Some data point sequences make easy curve fits for regression analysis. Fig. 4 shows the reflector circumference curve produced by the analysis along with the original data points. A more exacting fit is hard to imagine.

However, Fig. 5 shows a more difficult fit between the curve and the data points for the rate of gain change. Although the curve comes close to the data points, the reversal of direction for the thinnest wire makes the shape of the curve peak more open to question. Remember that with the thinnest wire used, the 2-element quad reaches a coincidence between the frequency of maximum gain and the frequency of maximum front-to-back ratio. Hence, the rate of change is less than the next thinnest wire sized used. From 0.0001 wavelength wire diameters onward, the frequency of maximum gain is always lower than the frequency of maximum front-to-back ratio. For the purposes of the advisory approximation, the curve and the regression equation is perfectly adequate.

The equations produced by regression analysis are perfectly adequate for calculating all of the data we examined in Part 1 for all points between the listed data points. However, the equations have no inherent theoretic import for electronics or antennas beyond their ability to calculate.

The production of a set of calculating equations does have the merit of allowing one to create a small program in any number of media to automate the design process for 2-element quads that meet the basic specifications (resonance and maximum front-to-back ratio on the design frequency). By specifying the wire size and the design frequency, we can let the program generate the remaining data. Therefore, I produced the following little GW Basic program to do just this task.

10 CLS:PRINT "Program to calculate the dimensions of a resonant square 2-element quad beam."
20 PRINT "All equations calibrated to NEC antenna modeling software for wire diameters"
30 PRINT " from 3.16E-5 to 1E-2 wavelengths within about 0.5% from 3.5 - 250 MHz."
40 PRINT "L. B. Cebik, W4RNL (SK)"
50 INPUT "Enter Desired Frequency in MHz:";F
60 PRINT "Select Units for Wire Diameter in 1. Inches, 2. Millimeters, 3. Wavelengths"
70 INPUT "Choose 1. or 2. or 3.";U
80 IF U>3 THEN 60
90 INPUT "Enter Wire Diameter in your Selected Units";WD
100 IF U=1 THEN WLI=11802.71/F:D=WD/WLI
110 IF U=2 THEN WLI=299792.5/F:D=WD/WLI
120 IF U=3 THEN D=WD
130 PRINT "Wire Diameter in Wavelengths:";D
140 D1=.4342945*LOG(D)
150 IF D1<-4.5 then 160 else 170
160 print "Wire diameter less than 3E-5 wavelengths: results uncertain."
170 if d1>-2 THEN 180 ELSE 190
180 PRINT "Wire diameter greater than 1E-2 wavelengths: results uncertain."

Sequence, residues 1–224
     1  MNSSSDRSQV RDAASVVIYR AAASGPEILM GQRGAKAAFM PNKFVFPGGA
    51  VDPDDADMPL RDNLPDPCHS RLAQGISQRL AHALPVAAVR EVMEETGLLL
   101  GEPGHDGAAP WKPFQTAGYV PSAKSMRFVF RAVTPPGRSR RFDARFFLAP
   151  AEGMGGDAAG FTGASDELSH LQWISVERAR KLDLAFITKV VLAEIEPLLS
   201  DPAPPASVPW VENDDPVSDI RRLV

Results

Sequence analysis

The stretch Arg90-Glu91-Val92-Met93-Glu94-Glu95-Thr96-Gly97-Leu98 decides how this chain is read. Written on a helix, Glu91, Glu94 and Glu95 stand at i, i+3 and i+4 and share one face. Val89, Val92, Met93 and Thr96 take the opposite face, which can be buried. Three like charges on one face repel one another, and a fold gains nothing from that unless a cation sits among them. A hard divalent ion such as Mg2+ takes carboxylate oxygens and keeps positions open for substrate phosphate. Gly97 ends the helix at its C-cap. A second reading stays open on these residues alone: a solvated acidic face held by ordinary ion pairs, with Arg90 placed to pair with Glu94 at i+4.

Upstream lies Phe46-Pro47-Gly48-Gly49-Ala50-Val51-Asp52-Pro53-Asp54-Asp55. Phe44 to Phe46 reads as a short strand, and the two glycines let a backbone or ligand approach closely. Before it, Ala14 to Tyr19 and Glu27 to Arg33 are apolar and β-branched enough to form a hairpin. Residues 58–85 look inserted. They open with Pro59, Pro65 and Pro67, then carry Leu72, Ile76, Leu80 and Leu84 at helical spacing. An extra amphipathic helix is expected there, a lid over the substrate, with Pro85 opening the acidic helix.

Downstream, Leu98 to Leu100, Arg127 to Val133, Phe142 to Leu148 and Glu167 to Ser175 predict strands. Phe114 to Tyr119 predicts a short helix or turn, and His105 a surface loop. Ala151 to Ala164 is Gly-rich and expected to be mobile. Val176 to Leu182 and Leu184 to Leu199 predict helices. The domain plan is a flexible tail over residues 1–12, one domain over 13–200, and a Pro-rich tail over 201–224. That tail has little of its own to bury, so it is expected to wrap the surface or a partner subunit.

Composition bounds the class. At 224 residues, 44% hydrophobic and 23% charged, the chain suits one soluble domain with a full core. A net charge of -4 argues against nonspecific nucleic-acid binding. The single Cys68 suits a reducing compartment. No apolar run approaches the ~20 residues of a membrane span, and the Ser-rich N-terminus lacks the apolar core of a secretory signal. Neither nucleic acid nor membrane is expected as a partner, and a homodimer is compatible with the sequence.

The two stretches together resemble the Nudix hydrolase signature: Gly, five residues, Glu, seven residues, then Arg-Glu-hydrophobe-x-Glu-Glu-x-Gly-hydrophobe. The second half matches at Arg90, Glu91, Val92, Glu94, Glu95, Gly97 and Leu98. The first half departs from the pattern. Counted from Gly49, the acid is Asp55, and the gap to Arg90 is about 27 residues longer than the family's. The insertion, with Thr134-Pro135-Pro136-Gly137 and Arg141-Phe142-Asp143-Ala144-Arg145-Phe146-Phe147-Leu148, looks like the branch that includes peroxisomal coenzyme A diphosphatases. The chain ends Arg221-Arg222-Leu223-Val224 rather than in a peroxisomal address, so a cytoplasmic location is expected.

190 AD=.00336#:BD=.04966518519#:CD=.2731955556#:DD=.6716364021#:ED=1.644147937#
200 DE=(AD*(D1^4))+(BD*(D1^3))+(CD*(D1^2))+(DD*D1)+ED
210 AR=.003173333333#:BR=.0508237037#:CR=.3081977778#:DR=.8663851852#:ER=2.040064444#
220 RE=(AR*(D1^4))+(BR*(D1^3))+(CR*(D1^2))+(DR*D1)+ER
230 AS=-.003#:BS=-.03551851852#:CS=-.1553055556#:DS=-.2902116402#:ES=-.02540079365#
240 SP=(AS*(D1^4))+(BS*(D1^3))+(CS*(D1^2))+(DS*D1)+ES
250 AZ=1.976333333#:BZ=30.84751852#:CZ=172.4909722#:DZ=419.5162831#:EZ=519.8747579#
260 ZR=(AZ*(D1^4))+(BZ*(D1^3))+(CZ*(D1^2))+(DZ*D1)+EZ
270 AG=-.06333333333#:BG=-.7203703704#:CG=-3.010277778#:DG=-5.381375661#:EG=3.738769841#
280 GN=(AG*(D1^4))+(BG*(D1^3))+(CG*(D1^2))+(DG*D1)+EG
290 AW=1.688666667#:BW=23.76837037#:CW=124.9339444#:DW=295.8872328#:EW=281.2755159#
300 SW=(AW*(D1^4))+(BW*(D1^3))+(CW*(D1^2))+(DW*D1)+EW
310 AF=-.00266666667#:BF=.388#:CF=4.790666667#:DF=19.55485714#:EF=28.76628571#
320 FB=(AF*(D1^4))+(BF*(D1^3))+(CF*(D1^2))+(DF*D1)+EF
330 AN=-.08333333333#:BN=-.9462962963#:CN=-3.943055556#:DN=-7.582671958#:EN=-5.23234127#
340 DG=(AN*(D1^4))+(BN*(D1^3))+(CN*(D1^2))+(DN*D1)+EN
350 WL=299.7925/F:PRINT "Wavelength in Meters =";WL
360 WF=983.5592/F:PRINT "Wavelength in Feet =";WF
370 PRINT "Quad Dimensions in Wavelengths, Feet, and Meters:"
380 PRINT "Driver Side =";(DE/4);" WL or";(DE/4)*WF;"Feet or";(DE/4)*WL;"Meters"
390 PRINT "Driver Circumference =";DE;" WL or";DE*WF;"Feet or";DE*WL;"Meters"
400 PRINT "Reflector Side =";(RE/4);" WL or";(RE/4)*WF;"Feet or";(RE/4)*WL;"Meters"
410 PRINT "Reflector Circumference =";RE;" WL or";RE*WF;"Feet or";RE*WL;"Meters"
420 PRINT "Reflector-Driver Space =";SP;" WL or";SP*WF;"Feet or";SP*WL;"Meters"
430 PRINT "Approximate Resonant Feedpoint Impedance =";ZR;"Ohms"